When the 226,000 residents of Scottsdale, Arizona, turn on their taps, they can be confident that every effort has been made to ensure there is sufficient water, that it’s of the highest quality and safe to drink.
That’s saying a lot given the fact that Scottsdale receives an average of only eight inches of rainfall per year, compared with the average annual rainfall of close to 40 inches for the United States as a whole.
Controlling access to a school generally begins at the front door — it is how most visitors enter a school.
K-12 campuses have been among the best at adopting strategies to harden the front door (and other entries) with a repeatable and affordable plan that can fit most any facility. It involves assessments, layers of complimentary electronic security products and polices and procedures to make sure it all works.
In recent years, ensuring the safety and security of K-12 and higher education facilities across the country has become a top priority, as more violent situations arise. If an intruder were to enter your school would your employees and students know what to do?
Recently, the U.S. Environmental Protection Agency proposed a series of requirements for the U.S. oil and gas industry to help combat climate change and reduce air pollution that harms public health. The EPA’s proposal contains standards to set us on track to cut methane emissions between 40 and 45% by 2025.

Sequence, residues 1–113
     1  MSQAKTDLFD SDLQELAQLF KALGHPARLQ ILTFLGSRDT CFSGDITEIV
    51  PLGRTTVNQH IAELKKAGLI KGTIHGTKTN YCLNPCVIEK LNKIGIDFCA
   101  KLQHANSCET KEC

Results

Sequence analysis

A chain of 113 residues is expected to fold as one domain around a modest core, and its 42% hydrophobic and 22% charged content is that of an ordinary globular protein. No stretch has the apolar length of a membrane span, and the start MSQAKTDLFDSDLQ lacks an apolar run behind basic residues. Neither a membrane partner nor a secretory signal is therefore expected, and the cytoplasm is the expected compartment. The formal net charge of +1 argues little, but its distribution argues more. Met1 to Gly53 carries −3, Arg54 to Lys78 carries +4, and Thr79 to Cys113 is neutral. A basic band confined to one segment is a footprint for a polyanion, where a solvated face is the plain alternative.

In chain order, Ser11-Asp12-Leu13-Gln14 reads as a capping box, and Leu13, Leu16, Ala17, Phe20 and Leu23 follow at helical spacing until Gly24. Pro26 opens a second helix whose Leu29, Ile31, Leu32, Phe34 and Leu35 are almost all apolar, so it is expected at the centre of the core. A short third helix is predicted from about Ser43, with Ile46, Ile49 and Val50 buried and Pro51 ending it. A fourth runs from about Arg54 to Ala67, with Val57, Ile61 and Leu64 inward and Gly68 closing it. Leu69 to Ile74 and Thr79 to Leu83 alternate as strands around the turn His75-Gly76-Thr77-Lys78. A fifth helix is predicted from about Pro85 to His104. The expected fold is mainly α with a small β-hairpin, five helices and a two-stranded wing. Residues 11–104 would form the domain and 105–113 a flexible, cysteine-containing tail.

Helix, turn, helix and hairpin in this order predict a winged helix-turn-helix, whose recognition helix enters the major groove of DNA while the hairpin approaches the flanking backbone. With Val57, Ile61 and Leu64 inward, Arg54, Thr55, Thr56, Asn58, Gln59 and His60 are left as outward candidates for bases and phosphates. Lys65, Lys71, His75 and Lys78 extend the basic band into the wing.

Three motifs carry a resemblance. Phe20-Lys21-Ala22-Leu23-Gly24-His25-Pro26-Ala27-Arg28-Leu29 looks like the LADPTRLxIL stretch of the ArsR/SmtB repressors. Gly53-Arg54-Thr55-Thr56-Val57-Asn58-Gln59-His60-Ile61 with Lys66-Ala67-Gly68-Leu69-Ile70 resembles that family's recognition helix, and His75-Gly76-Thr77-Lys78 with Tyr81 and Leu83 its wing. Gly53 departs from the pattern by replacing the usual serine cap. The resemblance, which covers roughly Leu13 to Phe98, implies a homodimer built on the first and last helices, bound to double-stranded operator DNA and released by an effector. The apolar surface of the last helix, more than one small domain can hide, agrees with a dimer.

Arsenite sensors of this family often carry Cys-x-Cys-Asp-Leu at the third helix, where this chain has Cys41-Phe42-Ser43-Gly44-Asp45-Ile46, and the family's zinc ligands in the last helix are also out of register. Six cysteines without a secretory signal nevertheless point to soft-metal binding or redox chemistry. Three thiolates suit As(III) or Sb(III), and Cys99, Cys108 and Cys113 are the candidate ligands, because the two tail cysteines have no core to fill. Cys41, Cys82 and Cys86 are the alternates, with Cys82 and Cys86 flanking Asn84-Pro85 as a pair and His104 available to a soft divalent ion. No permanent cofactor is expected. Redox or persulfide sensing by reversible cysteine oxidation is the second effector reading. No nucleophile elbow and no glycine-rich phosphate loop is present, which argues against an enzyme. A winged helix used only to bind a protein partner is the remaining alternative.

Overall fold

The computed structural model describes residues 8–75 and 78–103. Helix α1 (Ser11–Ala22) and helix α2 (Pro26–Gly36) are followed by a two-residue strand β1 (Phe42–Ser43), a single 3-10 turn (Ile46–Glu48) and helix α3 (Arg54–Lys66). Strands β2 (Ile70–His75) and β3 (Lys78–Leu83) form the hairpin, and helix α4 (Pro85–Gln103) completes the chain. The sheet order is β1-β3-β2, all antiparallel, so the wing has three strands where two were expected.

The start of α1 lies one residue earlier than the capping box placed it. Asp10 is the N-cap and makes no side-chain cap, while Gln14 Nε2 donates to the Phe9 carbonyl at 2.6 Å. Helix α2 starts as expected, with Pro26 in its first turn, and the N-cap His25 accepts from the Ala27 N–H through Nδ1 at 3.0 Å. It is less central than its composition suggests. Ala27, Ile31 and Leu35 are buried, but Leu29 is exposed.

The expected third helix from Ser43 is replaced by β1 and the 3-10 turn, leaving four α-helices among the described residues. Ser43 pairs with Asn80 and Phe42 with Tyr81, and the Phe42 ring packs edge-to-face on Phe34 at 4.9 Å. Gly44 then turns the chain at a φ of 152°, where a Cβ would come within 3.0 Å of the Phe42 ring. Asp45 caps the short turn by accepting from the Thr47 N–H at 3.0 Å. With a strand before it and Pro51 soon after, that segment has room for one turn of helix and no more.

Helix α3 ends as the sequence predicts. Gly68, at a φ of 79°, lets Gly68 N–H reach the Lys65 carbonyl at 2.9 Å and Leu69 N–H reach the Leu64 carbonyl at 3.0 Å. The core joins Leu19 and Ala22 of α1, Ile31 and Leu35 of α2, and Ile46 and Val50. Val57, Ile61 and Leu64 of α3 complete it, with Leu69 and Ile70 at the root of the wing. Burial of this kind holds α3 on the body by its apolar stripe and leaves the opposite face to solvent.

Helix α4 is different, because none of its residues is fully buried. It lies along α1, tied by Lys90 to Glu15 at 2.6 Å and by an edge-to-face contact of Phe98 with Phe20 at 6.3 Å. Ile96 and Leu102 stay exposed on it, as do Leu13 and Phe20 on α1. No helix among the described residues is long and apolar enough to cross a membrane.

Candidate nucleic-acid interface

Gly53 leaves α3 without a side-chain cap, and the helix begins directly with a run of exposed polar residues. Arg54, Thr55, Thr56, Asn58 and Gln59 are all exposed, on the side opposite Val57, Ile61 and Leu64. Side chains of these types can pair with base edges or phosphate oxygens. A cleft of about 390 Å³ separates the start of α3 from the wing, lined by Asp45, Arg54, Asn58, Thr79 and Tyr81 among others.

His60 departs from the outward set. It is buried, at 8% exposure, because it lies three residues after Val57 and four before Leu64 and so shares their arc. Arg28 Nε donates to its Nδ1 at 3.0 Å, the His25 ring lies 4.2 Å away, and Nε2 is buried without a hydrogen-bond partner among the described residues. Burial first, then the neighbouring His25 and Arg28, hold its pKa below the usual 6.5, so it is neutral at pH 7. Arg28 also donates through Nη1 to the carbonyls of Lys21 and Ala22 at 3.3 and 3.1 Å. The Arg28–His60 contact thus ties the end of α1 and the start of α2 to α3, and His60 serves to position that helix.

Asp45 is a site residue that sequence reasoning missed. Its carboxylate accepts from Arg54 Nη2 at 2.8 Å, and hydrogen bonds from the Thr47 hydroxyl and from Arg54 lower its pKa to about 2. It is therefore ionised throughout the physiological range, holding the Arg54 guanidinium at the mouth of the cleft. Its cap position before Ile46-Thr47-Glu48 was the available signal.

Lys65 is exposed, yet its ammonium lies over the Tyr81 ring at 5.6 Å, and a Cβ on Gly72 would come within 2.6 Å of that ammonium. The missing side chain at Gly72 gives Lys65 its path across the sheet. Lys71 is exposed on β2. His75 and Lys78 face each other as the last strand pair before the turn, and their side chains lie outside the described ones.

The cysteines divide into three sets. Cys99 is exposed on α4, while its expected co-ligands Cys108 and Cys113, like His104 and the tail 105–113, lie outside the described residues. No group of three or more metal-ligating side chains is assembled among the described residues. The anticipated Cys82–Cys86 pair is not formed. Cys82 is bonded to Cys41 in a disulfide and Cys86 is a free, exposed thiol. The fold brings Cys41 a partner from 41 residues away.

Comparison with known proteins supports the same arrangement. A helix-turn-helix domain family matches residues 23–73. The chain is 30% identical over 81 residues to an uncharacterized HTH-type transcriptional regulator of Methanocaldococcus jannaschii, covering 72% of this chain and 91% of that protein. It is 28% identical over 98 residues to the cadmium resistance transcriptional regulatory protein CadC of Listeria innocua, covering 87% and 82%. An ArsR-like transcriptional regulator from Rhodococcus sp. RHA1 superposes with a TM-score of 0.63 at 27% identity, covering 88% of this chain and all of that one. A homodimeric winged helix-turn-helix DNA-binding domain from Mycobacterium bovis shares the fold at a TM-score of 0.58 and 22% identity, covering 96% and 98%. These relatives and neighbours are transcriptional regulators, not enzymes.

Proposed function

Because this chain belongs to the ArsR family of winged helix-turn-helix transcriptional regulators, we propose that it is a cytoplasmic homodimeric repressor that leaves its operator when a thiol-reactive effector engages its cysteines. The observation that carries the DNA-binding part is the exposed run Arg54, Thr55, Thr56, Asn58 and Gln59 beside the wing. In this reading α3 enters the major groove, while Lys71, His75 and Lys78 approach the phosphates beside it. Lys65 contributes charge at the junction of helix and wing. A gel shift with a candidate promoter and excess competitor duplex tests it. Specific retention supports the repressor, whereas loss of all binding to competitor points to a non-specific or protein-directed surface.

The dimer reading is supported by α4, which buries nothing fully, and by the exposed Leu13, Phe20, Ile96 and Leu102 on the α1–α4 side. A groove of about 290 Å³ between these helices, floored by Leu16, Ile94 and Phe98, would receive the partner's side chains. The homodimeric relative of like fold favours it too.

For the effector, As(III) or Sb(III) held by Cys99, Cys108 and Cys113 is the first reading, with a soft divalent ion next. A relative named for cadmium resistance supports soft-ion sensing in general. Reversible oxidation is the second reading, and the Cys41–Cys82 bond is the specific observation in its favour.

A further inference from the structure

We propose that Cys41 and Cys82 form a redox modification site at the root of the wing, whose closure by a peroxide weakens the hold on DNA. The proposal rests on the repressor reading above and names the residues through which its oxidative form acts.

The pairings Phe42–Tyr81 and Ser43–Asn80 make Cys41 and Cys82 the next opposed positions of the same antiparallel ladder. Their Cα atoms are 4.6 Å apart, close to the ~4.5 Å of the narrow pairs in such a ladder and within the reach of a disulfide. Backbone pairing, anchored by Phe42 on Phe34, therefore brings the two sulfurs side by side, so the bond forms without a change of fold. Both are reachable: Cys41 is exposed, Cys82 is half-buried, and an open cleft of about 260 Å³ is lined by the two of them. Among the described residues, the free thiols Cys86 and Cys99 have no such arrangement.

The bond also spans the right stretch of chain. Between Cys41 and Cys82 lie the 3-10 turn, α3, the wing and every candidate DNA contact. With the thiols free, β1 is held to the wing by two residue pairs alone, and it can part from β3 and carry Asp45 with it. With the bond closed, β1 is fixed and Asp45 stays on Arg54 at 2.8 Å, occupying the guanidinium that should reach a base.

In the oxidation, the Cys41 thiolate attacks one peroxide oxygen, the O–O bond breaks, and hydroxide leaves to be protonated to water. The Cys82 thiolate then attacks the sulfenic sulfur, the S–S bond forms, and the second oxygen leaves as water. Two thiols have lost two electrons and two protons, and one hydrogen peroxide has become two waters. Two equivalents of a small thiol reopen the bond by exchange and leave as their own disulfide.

In recent years, ensuring the safety and security of K-12 and higher education facilities across the country has become top priority, as school boards and administrators continue to seek better and more cost-effective ways to protect students, personnel, visitors and assets.
All campus settings can present challenges to creating a secure environment, primarily due to their large geographical size and number of separate buildings. Given these challenges, the job of securing a campus is simply too big for a single entity.
The security industry is quickly shifting from analog to IP, be it access control, security alarms, alarm reporting or video surveillance. The first and foremost reason for the move to IP cameras is their versatility and image quality.
In addition, the use of dedicated or existing Local Area Networks (LANs) enables those with proper access to view all or only certain cameras over a campus’ or district’s existing network. This is true whether it involves a single building, campus or an entire enterprise. Analog-to-IP migration also involves myriad features and benefits, such as image/video analysis, processing and greater long-term retention when needed.